Desautels Faculty of Management
“Resolution of International Commercial Disputes”
“Negotiation, Mediation and Arbitration”
Hodjat Khadjavi B.C.L., LL.M.
Tel: (514) 924-2002
Tuesdays and Thursdays 1:05 – 2:25 PM
Bronfman Building, Room 046
Right after class in room 501 or by an appointment preferably through email.
Ms. Linda Foster
Office: Bronfman 104
Tel: (514) 398-3876 or (514) 398-4000 ext. 0252
In recent years, Alternative Dispute Resolution (ADR) mechanisms namely negotiation, mediation and arbitration have created a new problem-solving culture in the world of business and legal practice. This course will address the fundamentals and development of ADR mechanisms both in theory and practice. It will demonstrate how disputing parties are able to settle disputes outside the courtroom effectively and efficiently using these alternatives to litigation.
This course will be taught through a combination of lectures as well as simulations and demonstrations, in order to make ADR more interesting and more understandable to business students. The topic of negotiation discussed in this course is different from deal-making negotiation that leads to the conclusion of contracts and transactions. Negotiation discussed in this course concerns the settlement of disputes, which might endanger a transactional relationship that already exist; in other words, this kind of negotiation is used to keep the contract in dispute alive.
It is very important for business students to have a general knowledge about alternative methods of dispute settlement. Upon the completion of this course, it is expected that the students will have a clear understanding and a practical knowledge of the principles, processes and the institutions of ADR mechanisms in an international commercial context. They also should be able to evaluate the benefits and limitations of each one of these methods as well as having the ability to apply the principles to different problem-solving scenarios.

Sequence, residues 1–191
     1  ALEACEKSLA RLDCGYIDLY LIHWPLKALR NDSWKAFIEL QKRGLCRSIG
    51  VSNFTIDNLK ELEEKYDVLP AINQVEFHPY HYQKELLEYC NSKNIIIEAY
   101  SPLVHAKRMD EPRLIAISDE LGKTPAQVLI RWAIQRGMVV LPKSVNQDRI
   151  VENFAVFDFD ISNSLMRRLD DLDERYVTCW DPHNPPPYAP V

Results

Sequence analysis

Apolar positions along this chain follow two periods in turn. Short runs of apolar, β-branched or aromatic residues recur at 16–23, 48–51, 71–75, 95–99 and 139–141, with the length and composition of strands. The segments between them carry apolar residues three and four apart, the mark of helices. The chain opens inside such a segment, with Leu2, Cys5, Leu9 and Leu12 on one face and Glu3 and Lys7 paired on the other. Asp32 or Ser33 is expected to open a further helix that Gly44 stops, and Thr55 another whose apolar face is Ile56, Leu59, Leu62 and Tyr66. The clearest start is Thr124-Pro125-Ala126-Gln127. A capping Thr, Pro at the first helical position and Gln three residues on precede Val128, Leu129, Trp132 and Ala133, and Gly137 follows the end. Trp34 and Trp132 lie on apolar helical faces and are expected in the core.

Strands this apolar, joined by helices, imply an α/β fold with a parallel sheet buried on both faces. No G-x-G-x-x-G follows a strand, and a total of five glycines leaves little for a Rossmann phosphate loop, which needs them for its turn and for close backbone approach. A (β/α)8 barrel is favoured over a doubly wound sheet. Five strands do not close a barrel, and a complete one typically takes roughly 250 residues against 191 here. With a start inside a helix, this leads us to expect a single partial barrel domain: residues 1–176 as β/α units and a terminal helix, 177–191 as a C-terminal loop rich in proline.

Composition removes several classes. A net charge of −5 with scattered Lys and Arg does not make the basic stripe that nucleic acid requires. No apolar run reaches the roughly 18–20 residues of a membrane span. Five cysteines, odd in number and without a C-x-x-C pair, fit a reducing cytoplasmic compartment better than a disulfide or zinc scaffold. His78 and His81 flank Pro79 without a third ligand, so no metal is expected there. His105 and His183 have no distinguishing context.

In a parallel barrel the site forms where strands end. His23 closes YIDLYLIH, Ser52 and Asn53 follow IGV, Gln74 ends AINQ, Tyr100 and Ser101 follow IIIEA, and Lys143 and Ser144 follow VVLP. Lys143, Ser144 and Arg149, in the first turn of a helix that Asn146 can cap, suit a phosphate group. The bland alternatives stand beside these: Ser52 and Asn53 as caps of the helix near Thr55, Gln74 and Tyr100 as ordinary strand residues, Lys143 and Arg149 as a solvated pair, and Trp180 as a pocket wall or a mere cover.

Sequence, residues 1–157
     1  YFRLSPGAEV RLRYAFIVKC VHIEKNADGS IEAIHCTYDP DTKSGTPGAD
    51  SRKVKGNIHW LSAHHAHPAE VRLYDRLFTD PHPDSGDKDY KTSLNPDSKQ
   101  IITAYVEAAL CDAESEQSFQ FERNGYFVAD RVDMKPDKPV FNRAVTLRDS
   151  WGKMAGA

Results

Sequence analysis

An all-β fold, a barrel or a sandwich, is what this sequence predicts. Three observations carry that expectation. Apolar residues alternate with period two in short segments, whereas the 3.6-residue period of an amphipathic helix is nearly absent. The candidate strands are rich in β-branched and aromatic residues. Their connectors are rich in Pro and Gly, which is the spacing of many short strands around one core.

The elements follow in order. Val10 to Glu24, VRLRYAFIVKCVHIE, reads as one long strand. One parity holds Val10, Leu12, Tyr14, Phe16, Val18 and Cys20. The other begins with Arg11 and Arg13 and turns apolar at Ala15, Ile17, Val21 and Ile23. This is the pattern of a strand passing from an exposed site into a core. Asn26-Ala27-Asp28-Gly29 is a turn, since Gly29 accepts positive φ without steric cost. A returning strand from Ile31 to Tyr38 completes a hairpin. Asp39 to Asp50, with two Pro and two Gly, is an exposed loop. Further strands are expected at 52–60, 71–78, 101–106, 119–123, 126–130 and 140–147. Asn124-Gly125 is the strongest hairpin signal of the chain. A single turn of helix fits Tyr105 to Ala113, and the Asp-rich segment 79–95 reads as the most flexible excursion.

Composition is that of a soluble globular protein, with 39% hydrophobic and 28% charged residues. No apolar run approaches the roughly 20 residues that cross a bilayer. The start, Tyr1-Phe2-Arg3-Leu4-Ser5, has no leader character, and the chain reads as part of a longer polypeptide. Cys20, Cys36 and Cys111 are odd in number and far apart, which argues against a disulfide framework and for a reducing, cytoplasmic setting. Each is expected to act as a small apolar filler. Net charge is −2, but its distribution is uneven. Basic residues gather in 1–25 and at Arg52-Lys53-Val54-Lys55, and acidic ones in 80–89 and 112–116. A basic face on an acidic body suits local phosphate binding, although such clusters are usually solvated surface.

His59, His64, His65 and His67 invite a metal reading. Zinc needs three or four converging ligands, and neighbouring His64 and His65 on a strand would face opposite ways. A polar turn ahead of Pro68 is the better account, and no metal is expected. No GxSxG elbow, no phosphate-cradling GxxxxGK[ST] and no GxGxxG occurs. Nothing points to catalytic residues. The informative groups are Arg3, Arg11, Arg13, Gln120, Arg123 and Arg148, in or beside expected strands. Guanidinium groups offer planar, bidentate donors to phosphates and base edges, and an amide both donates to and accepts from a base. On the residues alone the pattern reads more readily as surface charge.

Course Materials (Required):
1. Fisher R., Ury W., Patton B., Getting to Yes: Negotiating Agreement without Giving in (Third Edition: New York, Penguin, 2011). This text will only cover the first segment of the course on Negotiation as a method of dispute settlement. The texts on Mediation and Arbitration will be posted on WebCT. Getting to Yes textbook can be purchased from Paragraphe Bookstore on 2220 McGill College St. (Tel: 514-845-5811). The Paragraphe bookstore is offering 30% discount for the students of this course.
2. WebCT materials
Recommended Materials (Not required):
A list of complementary materials will be posted on WebCT as additional readings. The following books are also useful for more in-depth studies:
McIlwrath, M., International Arbitration and Mediation: A Practical Guide (Austin: Wolters Kluwer, 2010).
Ashford, P., Handbook on International Commercial Arbitration (New York: JurisNet, 2009)
Chern, C., International Commercial Mediation (London: Informa Law, 2008)
Carroll E., Mackie K., International Mediation – The Art of Business Diplomacy (The Netherlands: Kluwer Law International, 2006)
Evaluation is based on the following components:
a) Mid-Term exam (20%)
b) Term paper (20%)
c) Class presentation (10%)
d) Class participation (10%)
e) Final Exam (40%)
The Midterm exam will be held on MONDAY OCTOBER 1, 2012. *
The Term papers are due on the same day of class presentation of each team. *
Term papers and class presentations will be in a form of team-work. The students will be divided in groups of FOUR persons. Each team will choose a topic from the list of topics provided on WebCT. The general guideline for the format and contents...
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